Tags: OpenVPN, problem-solving, RTFM, Security
One of my latest projects has been to get a VPN link up between my parent’s house and ours, so that I can help them out with computer issues without having to make the trek down to West Chester. Not that I don’t love visiting them (shamless parental plug, they do read this after all), but what with Taylor’s arrival and all we don’t get out much these days. Anyway, after thinking about how best to accomplish this I decided I should use a DD-WRT (open source alternative firmware) flashed Linksys router for the job, for a number of reasons:
- Thanks to the generousity of a local gentlemen I know from Twitter I acquired one of these devices for free. Don’t ever say Twitter can’t get you stuff!
- It’s low power and unobtrusive. While I love my big ol’ quad core monster, I didn’t really want to take up space at my parents house.
- With DD-WRT, it functions great as an OpenVPN client.
Now, the setup was to look something like this:
(Please excuse the rather awful drawing, I’m afraid I’m used to Visio)
Once I had everything setup, everything appeared to work, except I couldn’t ping anything at my parent’s end of the tunnel from my home network (vice versa worked fine). Well, normally I might try and sniff the traffic at the two endpoints, but this was a little more complicated than you might think, since the router at my parents doesn’t support such an operation.
In then end, I was able to collect some data after hacking a solution (<geekery>I used an already compiled version of tcpdump and manually moved it to the router</geekry>), and figured out that for some reason the VPN router at my paren’t house was performing what’s known as “masquerading”, or “NATing”. What this means is that any traffic that passed out of it was translated such as to appear that it came directly from the router itself, and not some machine behind it. This novel concept is actually the basis for how pretty much every home router functions; but in this case it was bad, in that it made the tunnel between our networks essentially one way.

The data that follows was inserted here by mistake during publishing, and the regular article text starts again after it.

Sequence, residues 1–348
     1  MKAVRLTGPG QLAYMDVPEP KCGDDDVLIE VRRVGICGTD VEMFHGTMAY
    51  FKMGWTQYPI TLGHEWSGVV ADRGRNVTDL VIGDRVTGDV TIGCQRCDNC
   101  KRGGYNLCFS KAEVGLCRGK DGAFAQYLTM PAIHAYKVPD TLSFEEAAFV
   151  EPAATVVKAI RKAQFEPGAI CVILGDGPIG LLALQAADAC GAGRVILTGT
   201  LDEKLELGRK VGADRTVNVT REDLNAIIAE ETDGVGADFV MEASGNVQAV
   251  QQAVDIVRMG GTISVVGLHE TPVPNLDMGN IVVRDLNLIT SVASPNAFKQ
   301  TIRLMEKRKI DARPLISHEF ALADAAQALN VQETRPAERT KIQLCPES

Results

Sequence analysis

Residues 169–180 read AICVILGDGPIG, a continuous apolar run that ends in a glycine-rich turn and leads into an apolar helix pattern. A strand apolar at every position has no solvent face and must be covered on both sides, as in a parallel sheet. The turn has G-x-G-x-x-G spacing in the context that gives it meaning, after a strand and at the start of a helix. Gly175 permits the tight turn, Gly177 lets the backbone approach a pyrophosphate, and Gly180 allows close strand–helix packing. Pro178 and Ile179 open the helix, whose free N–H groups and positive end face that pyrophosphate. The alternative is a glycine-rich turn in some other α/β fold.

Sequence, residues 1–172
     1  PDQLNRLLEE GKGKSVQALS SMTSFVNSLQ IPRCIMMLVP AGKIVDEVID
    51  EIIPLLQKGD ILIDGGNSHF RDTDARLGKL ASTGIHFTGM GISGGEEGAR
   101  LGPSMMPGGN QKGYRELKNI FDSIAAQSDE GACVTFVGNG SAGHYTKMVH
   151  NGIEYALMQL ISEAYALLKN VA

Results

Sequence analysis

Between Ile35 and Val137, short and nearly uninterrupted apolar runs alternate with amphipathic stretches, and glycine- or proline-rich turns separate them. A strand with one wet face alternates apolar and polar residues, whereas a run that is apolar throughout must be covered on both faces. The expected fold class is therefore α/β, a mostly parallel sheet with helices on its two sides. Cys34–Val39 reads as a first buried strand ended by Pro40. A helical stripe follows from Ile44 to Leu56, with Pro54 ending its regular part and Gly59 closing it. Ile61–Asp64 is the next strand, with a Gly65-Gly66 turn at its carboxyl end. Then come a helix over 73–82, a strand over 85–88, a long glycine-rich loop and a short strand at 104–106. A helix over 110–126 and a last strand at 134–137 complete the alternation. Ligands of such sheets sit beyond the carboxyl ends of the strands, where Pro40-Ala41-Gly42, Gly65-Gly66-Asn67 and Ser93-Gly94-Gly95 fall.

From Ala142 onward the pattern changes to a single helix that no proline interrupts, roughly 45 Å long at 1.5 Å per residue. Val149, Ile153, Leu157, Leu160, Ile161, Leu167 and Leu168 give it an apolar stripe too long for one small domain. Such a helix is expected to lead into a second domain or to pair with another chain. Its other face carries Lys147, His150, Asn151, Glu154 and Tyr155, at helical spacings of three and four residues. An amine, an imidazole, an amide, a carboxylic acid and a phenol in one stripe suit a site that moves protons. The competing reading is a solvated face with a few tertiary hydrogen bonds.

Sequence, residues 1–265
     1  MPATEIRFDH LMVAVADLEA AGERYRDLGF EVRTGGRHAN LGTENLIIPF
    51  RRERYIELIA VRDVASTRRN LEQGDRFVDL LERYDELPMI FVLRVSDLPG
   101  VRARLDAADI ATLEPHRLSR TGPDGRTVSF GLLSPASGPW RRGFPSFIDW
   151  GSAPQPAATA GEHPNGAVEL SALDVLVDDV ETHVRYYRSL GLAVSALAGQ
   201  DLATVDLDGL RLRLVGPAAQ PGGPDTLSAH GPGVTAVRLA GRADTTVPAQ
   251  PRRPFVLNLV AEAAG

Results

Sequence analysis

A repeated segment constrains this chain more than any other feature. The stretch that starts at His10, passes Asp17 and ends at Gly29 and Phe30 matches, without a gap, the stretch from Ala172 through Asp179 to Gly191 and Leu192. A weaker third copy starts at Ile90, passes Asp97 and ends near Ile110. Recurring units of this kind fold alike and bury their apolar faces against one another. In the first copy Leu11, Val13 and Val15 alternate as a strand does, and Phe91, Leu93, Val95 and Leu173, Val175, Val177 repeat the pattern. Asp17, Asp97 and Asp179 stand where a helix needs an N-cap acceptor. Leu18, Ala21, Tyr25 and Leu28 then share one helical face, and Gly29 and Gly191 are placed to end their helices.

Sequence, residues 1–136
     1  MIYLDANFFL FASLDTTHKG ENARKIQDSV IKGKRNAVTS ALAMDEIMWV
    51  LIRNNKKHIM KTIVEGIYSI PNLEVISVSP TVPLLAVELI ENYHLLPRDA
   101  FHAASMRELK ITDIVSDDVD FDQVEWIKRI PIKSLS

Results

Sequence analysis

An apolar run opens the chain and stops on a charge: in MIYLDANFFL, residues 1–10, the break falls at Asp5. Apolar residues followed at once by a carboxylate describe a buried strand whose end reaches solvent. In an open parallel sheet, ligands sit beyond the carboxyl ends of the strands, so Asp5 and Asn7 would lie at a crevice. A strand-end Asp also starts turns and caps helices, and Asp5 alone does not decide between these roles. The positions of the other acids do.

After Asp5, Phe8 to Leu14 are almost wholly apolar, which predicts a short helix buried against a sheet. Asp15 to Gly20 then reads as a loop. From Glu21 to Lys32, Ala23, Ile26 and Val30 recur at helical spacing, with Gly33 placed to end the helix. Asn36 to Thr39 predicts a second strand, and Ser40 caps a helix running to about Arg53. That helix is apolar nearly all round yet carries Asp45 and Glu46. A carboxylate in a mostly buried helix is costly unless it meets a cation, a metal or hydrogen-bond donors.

So what did I do? Well get royally annoyed of course, proceed to spend the next several hours pouring over the setup of both ends, trying various hacks, googling like crazy, and perhaps questioning my intellect (or that of the programmers of OpenVPN, DD-WRT, and Linux in general) a few times. Finally after giving up for a day, I decided I’d look at a tutorial on the OpenVPN site itself I remembered. It took awhile to find, but there was the answer, right in front of me.
Apparently OpenVPN needs a little special tweaking to allow for traffic from both the “client” (my parent’s house) and “server” (my house) networks to fully talk to each other:
Next, we will deal with the necessary configuration changes on the server side. If the server configuration file does not currently reference a client configuration directory, add one now:
1 <strong>client-config-dir ccd</strong>
In the above directive, ccd should be the name of a directory which has been pre-created in the default directory where the OpenVPN server daemon runs. On Linux this tends to be /etc/openvpn and on Windows it is usually \Program Files\OpenVPN\config. When a new client connects to the OpenVPN server, the daemon will check this directory for a file which matches the common name of the connecting client. If a matching file is found, it will be read and processed for additional configuration file directives to be applied to the named client.
The next step is to create a file called client2 in the ccd directory. This file should contain the line:
1 <strong>iroute 192.168.4.0 255.255.255.0</strong>
This will tell the OpenVPN server that the 192.168.4.0/24 subnet should be routed to client2.
Next, add the following line to the main server config file (not the ccd/client2 file):
1 <strong>route 192.168.4.0 255.255.255.0</strong>
Why the redundant route and iroute statements, you might ask? The reason is that route controls the routing from the kernel to the OpenVPN server (via the TUN interface) while iroute controls the routing from the OpenVPN server to the remote clients. Both are necessary.
Yep, you read correctly. “Both are necessary.” Long story short, I only had one of the two necessary configurations in place. Basically, while the normal
route 192.168.a.b 255.255.255.0
command got the packets as far as the OpenVPN tunnel, the software required that extra
iroute 192.168.a.b 255.255.255.0
configuration line to correctly send the traffic on its merry way from there. Without it, the traffic would just appear to go out the proper interface, but actually go to that awful place where packets disappear and are never seen again.
Hi everyone, my name is Josh, and yes, I admit it, I should have read the… oh hell you know what the rest means.